Observation is part of the fun of gardening. Waking up in the morning, I let out my dog Murphy, and walk through my yard studying the intricacies and habits of the plants in my landscape. A morning dew is helpful to spot spider webbing or allow the tiny hairs on a flower petal to shine in the rising sun.
Walking through the garden in the early morning is just as good as drinking a cup coffee, although coffee certainly makes the experience better. If a neighbor were to peek over the fence, they would see both dog and human with our faces buried deep in plants.
One of my favorite plants to visit in the morning is Ohio spiderwort (Tradescantia ohiensis). The long, linear leaves offset the texture of the adjacent massing of purple coneflower, creating a nice focal point in the garden. Ohio spiderwort will only reward morning gardeners with blooms, as the flowers tend to close by noon. On cool, cloudy days, the flowers remain open a bit longer.
The flower is one of my favorites and is often the subject of my camera. In person, the flowers are a fashionable light-violet to bluish-purple offset by six bright yellow anthers. It is challenging to capture the actual color of the flowers with a camera. Many of my photos of Ohio spiderwort show the flowers to be bright blue to sky blue. I have found on very sunny days the exposure yields bright blues in my photographs. On cloudy days, pictures tend to keep to the true colors of the flower. However, I do enjoy the photos of the striking blue the camera lens picks up.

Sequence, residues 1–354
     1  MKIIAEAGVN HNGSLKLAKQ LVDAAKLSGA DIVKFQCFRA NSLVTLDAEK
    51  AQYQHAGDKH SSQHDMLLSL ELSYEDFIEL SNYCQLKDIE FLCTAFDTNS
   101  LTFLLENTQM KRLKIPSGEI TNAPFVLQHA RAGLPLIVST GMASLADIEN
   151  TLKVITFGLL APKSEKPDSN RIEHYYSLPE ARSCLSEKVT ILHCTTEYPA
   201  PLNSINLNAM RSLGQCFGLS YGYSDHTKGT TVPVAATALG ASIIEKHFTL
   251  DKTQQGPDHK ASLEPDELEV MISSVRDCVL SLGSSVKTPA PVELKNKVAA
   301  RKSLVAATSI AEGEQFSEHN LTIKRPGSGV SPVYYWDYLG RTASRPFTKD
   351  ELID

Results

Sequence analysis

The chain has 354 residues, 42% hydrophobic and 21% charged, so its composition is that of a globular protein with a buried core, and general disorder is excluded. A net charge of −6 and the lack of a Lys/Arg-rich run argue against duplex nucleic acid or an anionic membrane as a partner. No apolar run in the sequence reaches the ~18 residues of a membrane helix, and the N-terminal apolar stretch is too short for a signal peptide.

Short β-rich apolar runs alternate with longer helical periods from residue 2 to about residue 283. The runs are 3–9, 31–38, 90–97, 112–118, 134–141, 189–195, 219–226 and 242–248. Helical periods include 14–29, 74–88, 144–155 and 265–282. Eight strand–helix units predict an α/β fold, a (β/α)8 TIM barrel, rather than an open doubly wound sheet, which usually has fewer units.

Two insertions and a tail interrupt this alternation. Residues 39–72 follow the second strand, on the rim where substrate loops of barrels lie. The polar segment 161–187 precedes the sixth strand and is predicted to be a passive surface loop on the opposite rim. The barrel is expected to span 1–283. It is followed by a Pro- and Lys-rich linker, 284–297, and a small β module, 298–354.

In my yard, Ohio spiderwort is in full sun, but the plant can also tolerate partial shade. The plant is very adaptable to soil conditions. The flowers will yield seed, which after four years in of having this plant in my garden, have not been a problem. In my observation, the primary way for this plant to spread is an occasional side-shoot from its thick fleshy root system.
In addition to the plant itself, the other delightful observations come from the insects that visit the flowers in the morning. I very commonly see bumblebees visiting Ohio spiderwort, as the plant's primary pollinators. Syrphid flies are also often found on Ohio spiderwort, though they feed on stray pollen grains and are not considered viable pollinators.Ohio spiderwort makes for a great morning pick-me-up. Consider including this beautiful native in your landscape.